“ We study and review , on an atomic level , how high-strength steel works ,” Kömi explained . “ We have to know how atoms interact and what makes steel high-tensile . Steel has a lot of impurities , which is why [ we must understand ] exactly what can be alloyed into it to make the end result even stronger .”
The northern research and engineering hub is forging future steel , circular economy and hydrogen – and promoting several sectors from construction to traffic .
“ With basic research , we focus on steel development so that efficient supply chains can be designed for steel mills . Operational excellence must be continuously developed to understand how different grades of steel behave , as the same steel won ’ t work in a wind power plant , a ship and a bridge ,” Kömi described .
The AS4G project is committed to the development of sustainable solutions and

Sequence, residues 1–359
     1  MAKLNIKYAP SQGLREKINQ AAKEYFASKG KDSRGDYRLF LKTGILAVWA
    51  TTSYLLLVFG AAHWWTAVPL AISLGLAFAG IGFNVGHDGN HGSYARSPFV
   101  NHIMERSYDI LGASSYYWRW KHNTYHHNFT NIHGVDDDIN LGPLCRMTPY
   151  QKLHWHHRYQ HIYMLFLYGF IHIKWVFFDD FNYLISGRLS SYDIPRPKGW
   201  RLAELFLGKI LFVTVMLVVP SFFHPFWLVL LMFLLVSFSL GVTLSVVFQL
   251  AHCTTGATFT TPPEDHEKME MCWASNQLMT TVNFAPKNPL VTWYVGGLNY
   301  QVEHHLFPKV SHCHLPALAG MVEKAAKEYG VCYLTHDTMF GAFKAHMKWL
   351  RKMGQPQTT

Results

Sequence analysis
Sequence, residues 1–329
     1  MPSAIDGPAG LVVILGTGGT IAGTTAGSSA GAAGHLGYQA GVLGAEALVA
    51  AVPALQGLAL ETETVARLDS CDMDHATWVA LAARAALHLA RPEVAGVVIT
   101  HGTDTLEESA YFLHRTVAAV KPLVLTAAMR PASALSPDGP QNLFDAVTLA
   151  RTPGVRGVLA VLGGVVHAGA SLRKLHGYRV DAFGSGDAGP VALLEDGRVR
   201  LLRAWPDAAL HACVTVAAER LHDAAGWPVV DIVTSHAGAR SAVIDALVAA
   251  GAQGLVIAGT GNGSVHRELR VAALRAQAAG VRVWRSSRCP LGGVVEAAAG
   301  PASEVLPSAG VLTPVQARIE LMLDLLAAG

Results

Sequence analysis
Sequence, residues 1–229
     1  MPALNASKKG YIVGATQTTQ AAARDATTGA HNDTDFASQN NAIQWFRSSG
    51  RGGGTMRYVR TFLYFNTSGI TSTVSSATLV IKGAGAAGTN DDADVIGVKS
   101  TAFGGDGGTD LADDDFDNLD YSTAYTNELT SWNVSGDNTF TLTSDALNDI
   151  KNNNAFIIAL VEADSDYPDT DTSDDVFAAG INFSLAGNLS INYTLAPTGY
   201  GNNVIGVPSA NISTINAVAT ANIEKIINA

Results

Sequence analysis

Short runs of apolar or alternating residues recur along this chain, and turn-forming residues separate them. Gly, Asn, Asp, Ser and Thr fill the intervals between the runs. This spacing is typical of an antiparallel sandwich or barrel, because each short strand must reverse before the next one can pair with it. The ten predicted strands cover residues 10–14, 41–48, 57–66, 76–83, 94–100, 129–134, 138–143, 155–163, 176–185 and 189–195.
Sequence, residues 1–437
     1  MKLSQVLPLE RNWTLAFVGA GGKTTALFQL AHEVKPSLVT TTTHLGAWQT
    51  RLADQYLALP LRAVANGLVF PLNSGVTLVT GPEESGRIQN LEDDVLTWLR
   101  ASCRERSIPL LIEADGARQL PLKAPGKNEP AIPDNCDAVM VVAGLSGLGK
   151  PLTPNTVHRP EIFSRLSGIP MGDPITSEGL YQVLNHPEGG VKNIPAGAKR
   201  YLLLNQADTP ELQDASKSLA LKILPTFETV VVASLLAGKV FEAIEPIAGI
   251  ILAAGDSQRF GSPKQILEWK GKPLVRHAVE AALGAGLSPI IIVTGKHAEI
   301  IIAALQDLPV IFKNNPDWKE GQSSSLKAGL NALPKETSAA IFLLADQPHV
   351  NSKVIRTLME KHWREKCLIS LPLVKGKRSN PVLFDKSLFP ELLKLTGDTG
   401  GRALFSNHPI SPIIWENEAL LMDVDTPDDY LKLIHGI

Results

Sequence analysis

Professor Jukka Kömi , University of Oulu , Finland .
principles of circular economy , which will create new business opportunities for many sectors connected to the steel industry .
“ Slag from steel production often contains plenty of chemical elements that make them interesting alternatives for cement , for example ,” Illikainen explained . After water , concrete is the most used material in the world and the production of its key raw material , cement , is the single largest source of human-caused carbon dioxide emissions . The production of construction materials that preserve the environment offers new competitive advantages for companies .
The development of lightweight steel structures is expedited by the automotive industry , because lighter cars must be strengthened in different ways while ensuring their safety . High-tensile steel is necessary for protecting the heavy batteries of electric cars , and is also needed for the chassis .
In addition , emission-free steel production is being developed with the help of hydrogen innovations . The use of hydrogen as a reductant in steel production could cut Finland ’ s emissions by up to seven per cent . n
18 | ismr . net | ISMR May 2023